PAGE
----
To find out what these mechanisms may be, I borrowed statistical tools from animal ecology. I found that both in bromeliads (3) and in the ocean (6), the variation in species composition within each metabolic group was likely driven by complex interactions between organisms. Using computer simulations, I further demonstrated that such interactions—for example, predation of bacteria by viruses—could indeed cause fluctuations in species composition, even if the overall activity of metabolic pathways at the community level is constant (7, 8, 9). This realization has important implications for microbially catalyzed industrial processes, such as bioremediation of acid mine drainage, where a stable microbial community is often an objective of operation control. My findings suggest that taxonomic stability is neither easily achievable through control of the operating environment alone nor a prerequisite for bioprocess stability.

A Gene-Centric Model of Biogeochemistry Emerges

If the dynamics of individual genes become decoupled from particular species assemblages, then we may be able to directly model the dynamics of these genes within an ecosystem. Motivated by my previous findings, I developed a gene-centric mathematical model for the biogeochemistry in Saanich Inlet, a fjord off Vancouver Island (10). In Saanich Inlet, annual oxygen depletion leads to dramatic shifts in microbially mediated biochemical fluxes, and much research on ocean biochemistry uses Saanich Inlet as a model ecosystem.

My model integrated DNA, RNA, and protein sequence data, as well as chemical measurements, into a single framework. Using this model, I found that genes indeed displayed population dynamics that resembled self-replicating organisms that are feeding on each other's metabolic waste products. The model also revealed an important and previously unsuspected microbial process that removes toxic sulfide and transforms ammonia into nitrogen gas, with potentially strong implications for ocean productivity.

In conclusion, environmental conditions appear to be directly coupled to the dynamics of certain energy-transducing microbial pathways, whereas complex species interactions influence which taxa get to perform each pathway. Disentangling the pathway structure of microbial communities from their taxonomic structure, as advanced by my work (4, 6, 10), will be an important component of future research in microbial ecology.



Stilianos Louca

As an undergraduate, Stilianos Louca studied physics and mathematics at the Friedrich-Schiller-Universität, Germany, before going on to attain a Ph.D. in applied mathematics at the University of British Columbia, Canada. During his doctoral research, he investigated how microorganisms, in particular their genes, interact with the environment and with each other to drive elemental fluxes at ecosystem scales. Louca is currently a postdoctoral researcher at the Biodiversity Research Centre in Vancouver, where he continues to investigate the ecology and evolution of microbial metabolism using mathematical modeling, molecular sequencing, and laboratory experiments.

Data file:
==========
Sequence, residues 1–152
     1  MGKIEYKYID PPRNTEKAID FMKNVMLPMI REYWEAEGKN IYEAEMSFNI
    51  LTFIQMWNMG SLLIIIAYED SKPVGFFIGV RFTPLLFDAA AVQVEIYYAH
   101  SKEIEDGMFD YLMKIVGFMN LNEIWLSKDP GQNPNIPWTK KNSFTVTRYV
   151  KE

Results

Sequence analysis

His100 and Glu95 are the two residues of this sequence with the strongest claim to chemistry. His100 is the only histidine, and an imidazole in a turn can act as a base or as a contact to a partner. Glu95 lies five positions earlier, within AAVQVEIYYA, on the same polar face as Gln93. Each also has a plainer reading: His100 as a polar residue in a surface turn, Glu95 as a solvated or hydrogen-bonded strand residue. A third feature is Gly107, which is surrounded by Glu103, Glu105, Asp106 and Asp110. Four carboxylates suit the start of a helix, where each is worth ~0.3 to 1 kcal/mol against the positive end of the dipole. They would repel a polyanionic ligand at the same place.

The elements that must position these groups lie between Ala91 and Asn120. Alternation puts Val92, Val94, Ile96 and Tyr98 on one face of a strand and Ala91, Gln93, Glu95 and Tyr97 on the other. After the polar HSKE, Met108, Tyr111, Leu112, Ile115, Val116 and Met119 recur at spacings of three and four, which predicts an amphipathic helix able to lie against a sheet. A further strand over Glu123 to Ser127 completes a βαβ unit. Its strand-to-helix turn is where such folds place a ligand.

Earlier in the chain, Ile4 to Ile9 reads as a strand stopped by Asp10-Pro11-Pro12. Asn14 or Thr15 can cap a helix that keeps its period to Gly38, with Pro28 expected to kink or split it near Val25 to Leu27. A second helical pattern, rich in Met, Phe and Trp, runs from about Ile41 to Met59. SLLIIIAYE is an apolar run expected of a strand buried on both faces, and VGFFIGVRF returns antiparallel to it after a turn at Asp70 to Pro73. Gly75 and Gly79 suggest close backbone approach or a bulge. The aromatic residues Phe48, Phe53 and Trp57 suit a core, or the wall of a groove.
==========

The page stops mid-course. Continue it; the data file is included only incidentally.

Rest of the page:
Jared Mayers

Jared Mayers is a resident in internal medicine at Brigham and Women's Hospital in Boston, MA, working toward a career that balances basic science research with clinical practice. After completing his undergraduate degree at Williams College, he earned an M.D. from Harvard Medical School and a Ph.D. in biology from the Massachusetts Institute of Technology. His research interests center on identifying and understanding the mechanisms driving whole-body metabolic alterations and tissue interactions in early disease states. Outside of the hospital and lab, he enjoys running and spending time with his family.



Kelley Harris

Kelley Harris studied mathematics as an undergraduate at Harvard and transitioned into genomics during a postgraduate year at the Wellcome Trust Sanger Institute. She then earned a Ph.D. in mathematics at University of California, Berkeley, with a designated emphasis in computational biology, where she continued building statistical methods that describe how genome sequences evolve. In January 2018, Harris will finish her postdoctoral fellowship at Stanford and will become an assistant professor of genome sciences at the University of Washington.



Mijo Simunovic

A native of Europe, Mijo Simunovic sought higher education in the United States and in France, earning a Ph.D. in theoretical chemistry from The University of Chicago and a Ph.D. in experimental physics from the University of Paris. In his scientific work, he pursues complex biological problems that are fundamentally driven by physics. Currently, he is at The Rockefeller University where, as a junior fellow of the Simons Society, he uses stem cells to build experimental models of the human embryo, aimed at elucidating the earliest events in human development. Simunovic is passionate about teaching, having served as a teaching consultant at the University of Chicago and instructed undergraduate biophysics courses in Chicago and New York.